As the pandemic has shut down many barbershop partners, The Cut Hypertension Program has convened a core barber lead group in the Bay area to develop a national COVID-related needs inventory, provide technical assistance for safe re-opening of shops, completed a mask drive gathering 2000 masks for barbers, and will be convening a national group of 10 Black barbershop programs to kick-off a national learning community. Most recently, the program has also partnered with the Alameda County Department of Public Health to build a team of barbers and cosmetologists in East Oakland to be re-trained as contact tracers and contact investigators. Taylor is also exploring an outdoor barbering concept in Oakland at a Roots clinic linked to COVID testing and health outreach.
Universal health coverage: An eventual necessity?
When you ask leading health care industry experts (administrators, physicians, scientists and public health experts alike) today about whether it would be beneficial to the overall quality of health care in the U.S. if we ever legislated a single-payer system of universal health coverage, the answer is almost always a resounding, “Yes, of course.”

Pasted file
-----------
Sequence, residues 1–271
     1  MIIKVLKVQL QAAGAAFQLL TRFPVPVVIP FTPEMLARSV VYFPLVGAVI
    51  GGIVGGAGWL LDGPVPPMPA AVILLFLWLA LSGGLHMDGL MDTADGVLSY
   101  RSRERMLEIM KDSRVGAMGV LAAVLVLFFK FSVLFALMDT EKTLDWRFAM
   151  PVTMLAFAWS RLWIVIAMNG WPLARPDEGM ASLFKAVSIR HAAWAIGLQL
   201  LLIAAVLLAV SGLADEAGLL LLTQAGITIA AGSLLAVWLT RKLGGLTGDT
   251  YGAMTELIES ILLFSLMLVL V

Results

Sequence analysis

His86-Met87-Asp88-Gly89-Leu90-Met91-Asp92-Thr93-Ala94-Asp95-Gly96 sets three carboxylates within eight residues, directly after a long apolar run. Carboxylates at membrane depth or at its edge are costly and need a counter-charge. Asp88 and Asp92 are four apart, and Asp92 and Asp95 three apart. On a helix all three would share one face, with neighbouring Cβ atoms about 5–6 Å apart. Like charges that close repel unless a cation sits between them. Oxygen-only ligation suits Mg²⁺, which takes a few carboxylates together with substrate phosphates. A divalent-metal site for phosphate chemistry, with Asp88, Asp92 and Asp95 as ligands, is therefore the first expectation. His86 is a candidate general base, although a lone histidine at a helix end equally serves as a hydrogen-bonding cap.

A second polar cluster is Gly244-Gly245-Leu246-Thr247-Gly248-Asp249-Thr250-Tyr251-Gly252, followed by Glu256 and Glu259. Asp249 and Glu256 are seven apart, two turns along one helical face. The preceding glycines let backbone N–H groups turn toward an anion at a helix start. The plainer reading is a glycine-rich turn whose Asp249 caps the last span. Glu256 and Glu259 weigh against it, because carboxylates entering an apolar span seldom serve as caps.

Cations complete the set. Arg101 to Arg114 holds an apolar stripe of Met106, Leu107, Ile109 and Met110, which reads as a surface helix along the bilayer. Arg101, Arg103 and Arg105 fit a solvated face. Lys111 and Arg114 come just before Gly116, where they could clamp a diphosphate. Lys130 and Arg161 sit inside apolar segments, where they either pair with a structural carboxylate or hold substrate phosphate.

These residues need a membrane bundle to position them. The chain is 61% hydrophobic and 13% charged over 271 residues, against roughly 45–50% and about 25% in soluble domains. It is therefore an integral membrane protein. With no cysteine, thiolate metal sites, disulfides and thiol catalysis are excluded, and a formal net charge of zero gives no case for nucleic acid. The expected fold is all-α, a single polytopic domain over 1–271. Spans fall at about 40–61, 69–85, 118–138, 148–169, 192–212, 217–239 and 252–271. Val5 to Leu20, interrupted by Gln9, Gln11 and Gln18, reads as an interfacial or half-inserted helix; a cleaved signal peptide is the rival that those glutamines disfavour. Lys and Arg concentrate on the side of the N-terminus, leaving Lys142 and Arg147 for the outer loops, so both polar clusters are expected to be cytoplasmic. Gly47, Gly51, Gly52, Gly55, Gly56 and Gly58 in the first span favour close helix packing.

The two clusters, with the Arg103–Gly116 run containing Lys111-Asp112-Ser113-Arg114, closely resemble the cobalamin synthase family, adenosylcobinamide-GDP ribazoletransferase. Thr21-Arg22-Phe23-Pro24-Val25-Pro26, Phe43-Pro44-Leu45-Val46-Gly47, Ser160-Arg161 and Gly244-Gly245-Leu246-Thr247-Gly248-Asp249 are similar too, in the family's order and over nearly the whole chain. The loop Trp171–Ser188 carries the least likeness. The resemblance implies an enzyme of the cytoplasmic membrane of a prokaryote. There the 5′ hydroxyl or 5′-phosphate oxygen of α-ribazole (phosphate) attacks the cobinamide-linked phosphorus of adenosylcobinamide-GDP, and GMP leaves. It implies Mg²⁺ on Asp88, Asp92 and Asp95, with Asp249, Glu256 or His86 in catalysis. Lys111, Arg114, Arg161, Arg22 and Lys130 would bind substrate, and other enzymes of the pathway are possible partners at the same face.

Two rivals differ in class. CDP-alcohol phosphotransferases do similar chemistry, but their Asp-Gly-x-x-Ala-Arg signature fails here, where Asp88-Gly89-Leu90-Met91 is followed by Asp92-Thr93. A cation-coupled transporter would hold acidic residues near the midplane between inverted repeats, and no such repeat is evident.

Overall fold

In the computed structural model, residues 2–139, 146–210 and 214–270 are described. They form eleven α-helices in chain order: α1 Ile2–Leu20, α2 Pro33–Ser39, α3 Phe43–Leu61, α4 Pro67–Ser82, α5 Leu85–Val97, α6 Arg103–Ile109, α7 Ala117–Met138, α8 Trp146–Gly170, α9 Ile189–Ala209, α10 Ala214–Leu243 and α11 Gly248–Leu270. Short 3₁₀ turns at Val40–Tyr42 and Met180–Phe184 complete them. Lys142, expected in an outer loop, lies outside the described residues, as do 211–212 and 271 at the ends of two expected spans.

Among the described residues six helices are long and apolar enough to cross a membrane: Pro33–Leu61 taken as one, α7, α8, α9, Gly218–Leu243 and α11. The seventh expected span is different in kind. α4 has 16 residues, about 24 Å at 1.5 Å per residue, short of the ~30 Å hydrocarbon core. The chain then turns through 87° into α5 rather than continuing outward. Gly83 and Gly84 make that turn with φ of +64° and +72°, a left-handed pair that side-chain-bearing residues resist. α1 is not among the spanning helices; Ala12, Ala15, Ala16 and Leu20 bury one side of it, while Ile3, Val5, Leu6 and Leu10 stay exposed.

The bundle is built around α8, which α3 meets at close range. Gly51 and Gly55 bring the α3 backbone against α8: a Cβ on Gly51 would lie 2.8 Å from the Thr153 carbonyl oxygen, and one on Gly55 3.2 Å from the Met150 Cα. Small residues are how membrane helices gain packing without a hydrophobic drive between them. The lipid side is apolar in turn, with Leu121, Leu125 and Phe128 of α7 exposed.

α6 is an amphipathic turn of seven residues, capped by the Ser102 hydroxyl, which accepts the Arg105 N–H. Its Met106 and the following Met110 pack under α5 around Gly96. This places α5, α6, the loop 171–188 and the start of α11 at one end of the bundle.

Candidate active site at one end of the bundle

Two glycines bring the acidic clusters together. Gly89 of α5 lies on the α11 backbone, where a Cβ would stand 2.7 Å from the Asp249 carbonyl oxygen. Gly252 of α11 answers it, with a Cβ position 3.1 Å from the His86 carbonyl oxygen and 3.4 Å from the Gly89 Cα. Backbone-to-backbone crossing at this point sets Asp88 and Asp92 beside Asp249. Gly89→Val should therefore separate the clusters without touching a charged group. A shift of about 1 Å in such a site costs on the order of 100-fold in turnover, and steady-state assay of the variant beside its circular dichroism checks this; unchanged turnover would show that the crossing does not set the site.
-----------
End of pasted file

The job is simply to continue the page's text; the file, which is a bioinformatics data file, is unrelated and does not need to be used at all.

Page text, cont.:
Uri Ladenbaum, MD, MS, Stanford professor of medicine, in his recently published opinion paper in Annals of Internal Medicine, eloquently frames the issue this way:
“Reasonable people may disagree on the prescription for remedy. But it is now inescapable that our moral duty extends to fighting for universal access to high-quality health care, including preventive care, for everyone. In modern life, in a rich country, it is a human right.”3
In a recent presentation, Fernando Mendoza, MD, MPH, professor of pediatrics and the associate dean of minority advising and programs at Stanford, voiced a remarkable level of optimism that our country may be on the brink of seriously evaluating major changes in how we pay for health care. Under a single-payer system, he notes that “every patient will be the same.” His hope:
“[Since] a large portion of our nation now has no work, and many are losing their health insurance, we may be at a time — like in the Great Depression — that a major social effort will be made to give everybody health care. If this is the case, then think about everybody having Medi-Cal … that no patient is going to be different than another patient based on insurance.”4
It’s about racism, not just race
While Dr. Taylor concurs that a single-payer system “will have a [positive] impact on diversity,” he cautions that “we can’t really forget to talk about all the other things that impact [inequities] … how racism underlies all these issues as well as all the social determinants of health … and how community partnerships are such an important part of really making a dent in this issue.”